A collection of 23 rare original, nondigital images by photojournalist Catherine Bauknight documenting the three-year period she spent with the Catawba Nation on the reservation near Rock Hill are on display at the Rose Gallery at USC-Lancaster’s Native American Studies Center through March 10.
The photographs, taken from 1997-1999 at the Catawba Reservation, are a visual telling of the Catawba’s cultural renaissance, history and place that they hold in South Carolina’s heritage. The first recorded contact with the Catawbas was in 1540, during Hernando de Soto’s North American expedition in search of gold. But Chief Bill Harris says the history of the First Nation People dates back further, approximately 6,000 years, when villages could be found along the Catawba River throughout North Carolina, South Carolina, Virginia and Georgia.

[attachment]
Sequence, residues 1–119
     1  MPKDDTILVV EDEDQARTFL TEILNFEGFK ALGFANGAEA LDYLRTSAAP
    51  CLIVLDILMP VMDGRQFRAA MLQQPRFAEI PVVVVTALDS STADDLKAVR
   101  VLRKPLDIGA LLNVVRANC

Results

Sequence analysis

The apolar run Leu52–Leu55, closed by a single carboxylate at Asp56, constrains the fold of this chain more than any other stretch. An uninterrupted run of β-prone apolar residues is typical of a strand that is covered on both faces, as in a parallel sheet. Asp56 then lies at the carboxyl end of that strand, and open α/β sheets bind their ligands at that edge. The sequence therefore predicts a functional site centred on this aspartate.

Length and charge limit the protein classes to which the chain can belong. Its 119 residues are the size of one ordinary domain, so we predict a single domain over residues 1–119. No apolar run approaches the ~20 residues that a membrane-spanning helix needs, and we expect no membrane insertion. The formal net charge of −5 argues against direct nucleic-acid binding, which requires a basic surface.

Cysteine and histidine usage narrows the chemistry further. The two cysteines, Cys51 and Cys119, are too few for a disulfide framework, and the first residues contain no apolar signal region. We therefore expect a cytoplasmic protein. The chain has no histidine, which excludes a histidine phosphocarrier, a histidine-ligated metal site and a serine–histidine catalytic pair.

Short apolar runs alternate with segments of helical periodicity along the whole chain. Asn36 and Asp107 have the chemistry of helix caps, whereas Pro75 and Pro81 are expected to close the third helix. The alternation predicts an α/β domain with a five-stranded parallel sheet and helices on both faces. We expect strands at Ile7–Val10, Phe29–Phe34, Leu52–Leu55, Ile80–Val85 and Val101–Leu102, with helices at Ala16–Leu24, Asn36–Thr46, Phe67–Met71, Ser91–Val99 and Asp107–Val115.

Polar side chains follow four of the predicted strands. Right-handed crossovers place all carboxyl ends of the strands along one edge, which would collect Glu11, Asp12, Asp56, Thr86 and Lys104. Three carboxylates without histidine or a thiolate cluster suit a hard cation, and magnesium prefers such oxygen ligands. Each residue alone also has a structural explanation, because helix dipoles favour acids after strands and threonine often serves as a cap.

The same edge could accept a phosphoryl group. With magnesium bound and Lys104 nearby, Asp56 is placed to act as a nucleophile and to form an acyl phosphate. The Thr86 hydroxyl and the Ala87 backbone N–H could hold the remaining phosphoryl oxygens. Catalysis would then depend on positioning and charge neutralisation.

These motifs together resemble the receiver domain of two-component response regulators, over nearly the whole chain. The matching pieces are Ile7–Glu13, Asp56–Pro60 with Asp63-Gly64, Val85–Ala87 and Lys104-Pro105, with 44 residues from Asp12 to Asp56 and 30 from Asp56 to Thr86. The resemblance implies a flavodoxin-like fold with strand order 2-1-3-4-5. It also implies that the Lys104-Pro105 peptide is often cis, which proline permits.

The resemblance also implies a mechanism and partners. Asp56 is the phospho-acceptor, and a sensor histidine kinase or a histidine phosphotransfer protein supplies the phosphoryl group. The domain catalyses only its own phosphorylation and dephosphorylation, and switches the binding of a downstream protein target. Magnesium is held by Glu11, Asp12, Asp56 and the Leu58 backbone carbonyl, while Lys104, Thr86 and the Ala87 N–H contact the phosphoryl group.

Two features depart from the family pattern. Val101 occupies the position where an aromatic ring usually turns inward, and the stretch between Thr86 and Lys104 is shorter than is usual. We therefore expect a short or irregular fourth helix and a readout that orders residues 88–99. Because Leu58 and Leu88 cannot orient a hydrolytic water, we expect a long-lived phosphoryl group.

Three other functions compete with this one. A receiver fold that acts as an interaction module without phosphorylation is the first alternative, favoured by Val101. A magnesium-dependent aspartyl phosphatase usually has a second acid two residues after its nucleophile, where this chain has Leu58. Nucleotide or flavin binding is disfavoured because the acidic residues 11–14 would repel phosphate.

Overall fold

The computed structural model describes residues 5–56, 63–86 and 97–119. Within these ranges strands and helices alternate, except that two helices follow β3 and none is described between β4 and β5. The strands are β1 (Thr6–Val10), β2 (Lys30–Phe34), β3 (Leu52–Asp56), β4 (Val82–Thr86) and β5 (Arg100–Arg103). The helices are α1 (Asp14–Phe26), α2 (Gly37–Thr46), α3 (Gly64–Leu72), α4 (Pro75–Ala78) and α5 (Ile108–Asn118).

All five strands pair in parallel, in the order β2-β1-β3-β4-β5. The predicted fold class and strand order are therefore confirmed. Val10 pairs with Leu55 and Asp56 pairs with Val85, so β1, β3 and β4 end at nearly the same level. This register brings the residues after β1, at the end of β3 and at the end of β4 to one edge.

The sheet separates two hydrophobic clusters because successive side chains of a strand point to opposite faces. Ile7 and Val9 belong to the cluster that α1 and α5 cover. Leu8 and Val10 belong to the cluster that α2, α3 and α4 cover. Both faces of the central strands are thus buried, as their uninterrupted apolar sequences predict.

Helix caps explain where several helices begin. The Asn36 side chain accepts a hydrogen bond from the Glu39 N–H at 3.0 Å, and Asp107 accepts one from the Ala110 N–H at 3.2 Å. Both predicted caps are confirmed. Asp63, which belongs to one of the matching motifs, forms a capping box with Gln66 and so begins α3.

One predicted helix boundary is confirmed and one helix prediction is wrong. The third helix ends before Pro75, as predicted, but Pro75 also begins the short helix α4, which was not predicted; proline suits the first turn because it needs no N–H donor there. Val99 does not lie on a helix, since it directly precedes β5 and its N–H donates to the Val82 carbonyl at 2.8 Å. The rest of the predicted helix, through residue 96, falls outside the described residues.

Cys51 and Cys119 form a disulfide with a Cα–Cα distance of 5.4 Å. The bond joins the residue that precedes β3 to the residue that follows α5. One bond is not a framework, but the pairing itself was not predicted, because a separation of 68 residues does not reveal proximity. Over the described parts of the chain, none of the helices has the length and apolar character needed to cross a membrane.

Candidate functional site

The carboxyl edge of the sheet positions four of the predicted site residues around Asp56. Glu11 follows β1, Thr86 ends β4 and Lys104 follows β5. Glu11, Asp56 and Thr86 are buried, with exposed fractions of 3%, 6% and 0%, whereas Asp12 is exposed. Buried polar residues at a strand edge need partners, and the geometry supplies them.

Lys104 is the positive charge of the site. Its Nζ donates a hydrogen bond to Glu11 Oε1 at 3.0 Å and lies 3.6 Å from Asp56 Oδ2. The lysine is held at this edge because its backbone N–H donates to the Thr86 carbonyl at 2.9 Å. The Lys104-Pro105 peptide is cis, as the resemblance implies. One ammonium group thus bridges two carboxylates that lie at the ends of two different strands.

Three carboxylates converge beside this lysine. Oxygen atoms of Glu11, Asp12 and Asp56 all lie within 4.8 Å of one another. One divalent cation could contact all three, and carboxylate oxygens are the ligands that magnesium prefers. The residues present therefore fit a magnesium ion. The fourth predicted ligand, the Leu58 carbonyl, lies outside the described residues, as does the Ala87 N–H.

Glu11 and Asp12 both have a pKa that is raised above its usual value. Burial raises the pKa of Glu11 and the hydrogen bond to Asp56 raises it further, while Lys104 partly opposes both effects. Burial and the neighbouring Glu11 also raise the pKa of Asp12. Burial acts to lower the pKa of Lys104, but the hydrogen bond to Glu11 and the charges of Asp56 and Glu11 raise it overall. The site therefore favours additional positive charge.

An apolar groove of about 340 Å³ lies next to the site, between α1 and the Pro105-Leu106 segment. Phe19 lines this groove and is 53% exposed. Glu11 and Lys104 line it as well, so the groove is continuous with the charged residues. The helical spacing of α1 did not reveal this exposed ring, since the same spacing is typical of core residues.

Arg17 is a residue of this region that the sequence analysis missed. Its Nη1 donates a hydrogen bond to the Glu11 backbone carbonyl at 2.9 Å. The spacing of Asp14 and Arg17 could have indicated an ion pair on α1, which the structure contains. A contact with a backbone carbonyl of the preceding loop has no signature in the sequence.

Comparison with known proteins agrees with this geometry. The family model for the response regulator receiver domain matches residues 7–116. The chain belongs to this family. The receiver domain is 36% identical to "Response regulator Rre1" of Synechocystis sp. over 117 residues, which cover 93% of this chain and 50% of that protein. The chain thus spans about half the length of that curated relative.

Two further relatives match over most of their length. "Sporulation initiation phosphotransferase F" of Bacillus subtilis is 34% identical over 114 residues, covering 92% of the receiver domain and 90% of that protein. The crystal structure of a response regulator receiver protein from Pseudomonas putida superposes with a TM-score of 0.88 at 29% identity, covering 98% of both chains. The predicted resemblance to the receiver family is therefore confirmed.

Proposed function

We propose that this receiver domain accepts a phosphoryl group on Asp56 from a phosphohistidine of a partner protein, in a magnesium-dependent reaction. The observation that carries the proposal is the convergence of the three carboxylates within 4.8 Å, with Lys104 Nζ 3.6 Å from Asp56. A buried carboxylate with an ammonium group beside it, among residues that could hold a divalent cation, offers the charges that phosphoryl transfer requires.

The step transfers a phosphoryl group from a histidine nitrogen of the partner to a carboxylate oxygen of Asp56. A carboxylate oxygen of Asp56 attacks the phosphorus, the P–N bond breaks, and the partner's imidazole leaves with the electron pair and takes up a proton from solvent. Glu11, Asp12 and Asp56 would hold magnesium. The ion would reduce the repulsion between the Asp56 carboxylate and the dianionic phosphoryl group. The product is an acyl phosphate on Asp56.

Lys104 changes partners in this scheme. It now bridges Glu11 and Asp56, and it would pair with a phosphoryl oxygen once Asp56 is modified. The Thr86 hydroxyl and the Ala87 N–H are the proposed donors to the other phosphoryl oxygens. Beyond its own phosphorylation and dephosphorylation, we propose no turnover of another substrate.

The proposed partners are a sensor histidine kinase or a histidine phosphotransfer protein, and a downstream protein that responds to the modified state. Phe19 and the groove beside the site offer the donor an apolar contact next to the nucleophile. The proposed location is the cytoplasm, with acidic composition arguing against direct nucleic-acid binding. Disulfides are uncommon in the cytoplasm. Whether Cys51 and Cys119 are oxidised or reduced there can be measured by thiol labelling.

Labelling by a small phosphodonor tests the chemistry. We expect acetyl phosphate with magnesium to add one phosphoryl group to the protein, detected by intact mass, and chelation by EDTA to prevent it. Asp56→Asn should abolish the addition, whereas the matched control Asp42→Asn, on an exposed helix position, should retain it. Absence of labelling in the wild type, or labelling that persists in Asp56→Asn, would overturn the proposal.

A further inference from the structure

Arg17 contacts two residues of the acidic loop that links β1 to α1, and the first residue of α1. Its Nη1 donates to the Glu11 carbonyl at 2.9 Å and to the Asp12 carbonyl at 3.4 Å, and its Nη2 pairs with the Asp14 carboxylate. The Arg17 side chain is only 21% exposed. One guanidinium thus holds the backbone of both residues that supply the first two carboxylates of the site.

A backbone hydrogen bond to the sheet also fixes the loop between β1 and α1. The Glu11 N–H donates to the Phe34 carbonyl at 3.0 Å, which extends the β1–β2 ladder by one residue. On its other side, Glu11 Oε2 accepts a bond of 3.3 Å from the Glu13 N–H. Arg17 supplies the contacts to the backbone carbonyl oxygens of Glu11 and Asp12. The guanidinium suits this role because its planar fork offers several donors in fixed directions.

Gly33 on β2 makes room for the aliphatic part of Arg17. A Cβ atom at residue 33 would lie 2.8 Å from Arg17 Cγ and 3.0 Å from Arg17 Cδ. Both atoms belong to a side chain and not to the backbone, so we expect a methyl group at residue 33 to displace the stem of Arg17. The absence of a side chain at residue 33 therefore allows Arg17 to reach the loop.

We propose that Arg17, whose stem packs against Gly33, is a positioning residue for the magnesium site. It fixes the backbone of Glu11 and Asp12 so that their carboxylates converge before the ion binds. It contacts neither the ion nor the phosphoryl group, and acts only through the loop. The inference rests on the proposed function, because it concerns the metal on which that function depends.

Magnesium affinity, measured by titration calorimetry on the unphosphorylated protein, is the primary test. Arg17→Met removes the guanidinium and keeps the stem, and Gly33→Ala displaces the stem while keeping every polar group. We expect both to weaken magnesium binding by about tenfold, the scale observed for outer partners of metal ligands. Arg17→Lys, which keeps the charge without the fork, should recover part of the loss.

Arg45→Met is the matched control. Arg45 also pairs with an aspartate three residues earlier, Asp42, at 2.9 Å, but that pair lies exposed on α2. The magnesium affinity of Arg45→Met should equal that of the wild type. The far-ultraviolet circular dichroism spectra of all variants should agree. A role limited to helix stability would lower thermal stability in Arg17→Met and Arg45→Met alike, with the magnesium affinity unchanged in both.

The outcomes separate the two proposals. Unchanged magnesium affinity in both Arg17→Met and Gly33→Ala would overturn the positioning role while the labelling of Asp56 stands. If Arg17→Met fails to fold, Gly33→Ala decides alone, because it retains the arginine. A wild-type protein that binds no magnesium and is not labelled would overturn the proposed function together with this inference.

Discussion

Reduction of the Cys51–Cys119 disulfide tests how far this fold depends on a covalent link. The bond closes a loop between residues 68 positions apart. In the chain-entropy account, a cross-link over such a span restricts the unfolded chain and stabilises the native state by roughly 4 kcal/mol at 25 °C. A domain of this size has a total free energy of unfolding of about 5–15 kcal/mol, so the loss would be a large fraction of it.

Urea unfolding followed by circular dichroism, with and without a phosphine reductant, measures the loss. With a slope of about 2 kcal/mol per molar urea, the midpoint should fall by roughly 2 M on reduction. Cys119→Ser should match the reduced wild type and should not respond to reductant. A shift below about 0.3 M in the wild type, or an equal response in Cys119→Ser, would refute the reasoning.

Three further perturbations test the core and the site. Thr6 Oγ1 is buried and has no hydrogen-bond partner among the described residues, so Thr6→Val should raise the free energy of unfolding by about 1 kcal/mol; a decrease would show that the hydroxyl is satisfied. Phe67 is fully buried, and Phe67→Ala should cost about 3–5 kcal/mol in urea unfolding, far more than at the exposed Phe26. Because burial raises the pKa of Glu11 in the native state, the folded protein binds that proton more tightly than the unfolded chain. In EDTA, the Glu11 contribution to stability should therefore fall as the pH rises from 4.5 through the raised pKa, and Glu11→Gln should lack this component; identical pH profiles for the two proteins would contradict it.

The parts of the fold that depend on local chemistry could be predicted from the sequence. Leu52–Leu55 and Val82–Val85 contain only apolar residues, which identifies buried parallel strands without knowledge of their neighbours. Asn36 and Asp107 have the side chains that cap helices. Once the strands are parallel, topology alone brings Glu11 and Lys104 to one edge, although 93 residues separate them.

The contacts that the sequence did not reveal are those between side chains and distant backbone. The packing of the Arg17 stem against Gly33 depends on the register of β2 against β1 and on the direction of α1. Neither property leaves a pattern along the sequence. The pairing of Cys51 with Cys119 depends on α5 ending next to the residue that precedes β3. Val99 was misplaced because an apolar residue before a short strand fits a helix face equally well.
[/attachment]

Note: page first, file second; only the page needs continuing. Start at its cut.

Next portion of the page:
Bauknight became interested in documenting the Catawba Indians after mistakenly being told that the people – as a group – no longer existed. Monty Branham and Anna Speakswell, members of the Catawba Nation, guided Bauknight through cultural and historic aspects of the Catawbas, enabling her to capture rare moments in time. Her subjects include Branham, a potter; Speakswell; John George, a medicine man; master potter Evelyn George Brown; and tribal children.
To learn more about the Catawba Indians, stop by the Catawba Culture Center, 1563 Tom Steven Road, or see catawbaindian.net.